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    Sphere. I think you meant sphere.

    The centre of the surface of a circle is pretty straightforward.
  19. Mar 23, 2009 #18


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    No disagreement. I merely view the 2 dimensional explanation as a more easily visualized analogy.
  20. Mar 23, 2009 #19
    So perhaps something like this? Its hard to imagine in 3D.
    The colors are just different parts of the "universe."
  21. Mar 23, 2009 #20


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    What? No. your statement was erroneous.

    The centre of the surface of a circle is not "everywhere", it is at the centre - and can be trivially shown to be so.
  22. Mar 23, 2009 #21
    I thought he meant the center of the edge of a circle, rather than the center of a disc.
  23. Jan 20, 2010 #22
    Haha! Dave is right. Chronos is hard headed.
  24. Jan 21, 2010 #23

    Char. Limit

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    The Earth is not the center of the universe.

    I've scientifically proven that I am.
  25. Jan 21, 2010 #24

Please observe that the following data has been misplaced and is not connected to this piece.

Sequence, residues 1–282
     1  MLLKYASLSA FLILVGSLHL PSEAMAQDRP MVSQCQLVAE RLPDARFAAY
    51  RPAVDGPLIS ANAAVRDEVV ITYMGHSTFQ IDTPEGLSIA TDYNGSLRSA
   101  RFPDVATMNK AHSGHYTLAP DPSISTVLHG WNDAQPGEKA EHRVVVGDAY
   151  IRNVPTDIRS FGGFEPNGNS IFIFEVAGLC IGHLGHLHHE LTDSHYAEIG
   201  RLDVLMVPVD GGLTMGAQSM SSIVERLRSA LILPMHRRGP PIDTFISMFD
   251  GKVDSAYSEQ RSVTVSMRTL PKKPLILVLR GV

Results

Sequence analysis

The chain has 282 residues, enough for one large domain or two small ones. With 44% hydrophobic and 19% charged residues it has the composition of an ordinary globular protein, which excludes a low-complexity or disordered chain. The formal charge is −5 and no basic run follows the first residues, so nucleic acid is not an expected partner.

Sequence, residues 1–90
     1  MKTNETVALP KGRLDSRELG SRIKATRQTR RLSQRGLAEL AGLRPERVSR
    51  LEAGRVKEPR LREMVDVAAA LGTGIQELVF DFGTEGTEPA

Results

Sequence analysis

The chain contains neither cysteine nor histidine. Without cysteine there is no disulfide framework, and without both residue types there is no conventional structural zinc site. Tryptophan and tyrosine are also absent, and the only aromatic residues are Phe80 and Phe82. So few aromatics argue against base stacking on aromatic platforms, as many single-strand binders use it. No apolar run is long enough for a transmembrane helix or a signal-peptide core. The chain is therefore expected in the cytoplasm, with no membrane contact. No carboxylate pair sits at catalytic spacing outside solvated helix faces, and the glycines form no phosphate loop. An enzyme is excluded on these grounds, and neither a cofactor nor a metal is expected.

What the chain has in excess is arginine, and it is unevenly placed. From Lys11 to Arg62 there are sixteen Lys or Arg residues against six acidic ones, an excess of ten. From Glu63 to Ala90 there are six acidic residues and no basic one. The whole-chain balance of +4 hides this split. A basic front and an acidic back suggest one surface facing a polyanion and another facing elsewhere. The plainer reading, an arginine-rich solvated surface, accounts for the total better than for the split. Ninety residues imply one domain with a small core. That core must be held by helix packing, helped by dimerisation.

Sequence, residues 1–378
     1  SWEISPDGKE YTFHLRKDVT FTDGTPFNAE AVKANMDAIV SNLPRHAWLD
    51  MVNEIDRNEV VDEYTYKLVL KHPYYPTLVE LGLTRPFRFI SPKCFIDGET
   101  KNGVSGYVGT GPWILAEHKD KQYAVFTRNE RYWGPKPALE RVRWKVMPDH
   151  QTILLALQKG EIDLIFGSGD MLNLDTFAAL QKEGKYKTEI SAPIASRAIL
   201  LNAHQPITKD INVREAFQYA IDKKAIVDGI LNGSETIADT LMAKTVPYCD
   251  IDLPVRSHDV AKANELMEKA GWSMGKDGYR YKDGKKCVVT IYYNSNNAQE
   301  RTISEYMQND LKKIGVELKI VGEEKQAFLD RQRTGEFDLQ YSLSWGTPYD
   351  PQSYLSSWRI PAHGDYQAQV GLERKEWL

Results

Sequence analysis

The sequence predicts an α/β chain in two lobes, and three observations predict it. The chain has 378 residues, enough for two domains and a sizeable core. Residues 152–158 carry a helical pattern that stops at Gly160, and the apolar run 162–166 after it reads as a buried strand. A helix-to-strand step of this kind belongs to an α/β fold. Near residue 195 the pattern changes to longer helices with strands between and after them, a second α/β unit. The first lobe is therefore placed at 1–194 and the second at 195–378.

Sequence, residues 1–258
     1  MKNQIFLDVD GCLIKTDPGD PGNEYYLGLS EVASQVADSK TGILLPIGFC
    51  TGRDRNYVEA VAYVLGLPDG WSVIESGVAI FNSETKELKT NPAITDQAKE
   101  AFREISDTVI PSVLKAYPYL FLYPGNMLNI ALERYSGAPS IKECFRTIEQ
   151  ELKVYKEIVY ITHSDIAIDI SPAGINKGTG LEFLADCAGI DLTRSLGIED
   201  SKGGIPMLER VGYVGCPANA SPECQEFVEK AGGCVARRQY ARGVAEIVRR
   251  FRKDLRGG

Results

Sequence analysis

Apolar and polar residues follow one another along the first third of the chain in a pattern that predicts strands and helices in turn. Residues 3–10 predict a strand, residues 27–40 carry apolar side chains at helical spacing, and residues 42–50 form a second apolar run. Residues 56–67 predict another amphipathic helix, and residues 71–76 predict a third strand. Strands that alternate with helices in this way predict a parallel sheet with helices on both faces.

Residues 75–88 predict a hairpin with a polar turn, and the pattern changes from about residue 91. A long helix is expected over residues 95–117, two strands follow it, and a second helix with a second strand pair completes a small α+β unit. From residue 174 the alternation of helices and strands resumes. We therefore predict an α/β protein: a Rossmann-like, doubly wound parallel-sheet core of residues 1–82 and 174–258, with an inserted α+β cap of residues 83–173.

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    It could be said the earth is at the temporal center of the universe. That is not particularly unique as every observer in the universe would draw the same conclusion.
  26. Jan 22, 2010 #25
    God doesn't have to be supernatural, but to be the cause of the Multiverse S/He would probably need to be external to it in some way, probably filling the different Kosmoi and the 'interspace' between them with His/Her 'spirit'. Thus God would be present in all and yet transcendent to them too. God in the Multiverse and the Multiverse in God.

    But such a 'Being beyond Being' is rather different to the Cosmic Prude who objects to what people do in their bed-rooms most people want to invoke as 'God'. What makes you think such a high Cosmic entity could/would care what we do?

    Answering that is beyond Physics Forum's guidelines and really doesn't belong in a discussion of cosmology. So let's not have a debate here. There's plenty of other fora for such arguments.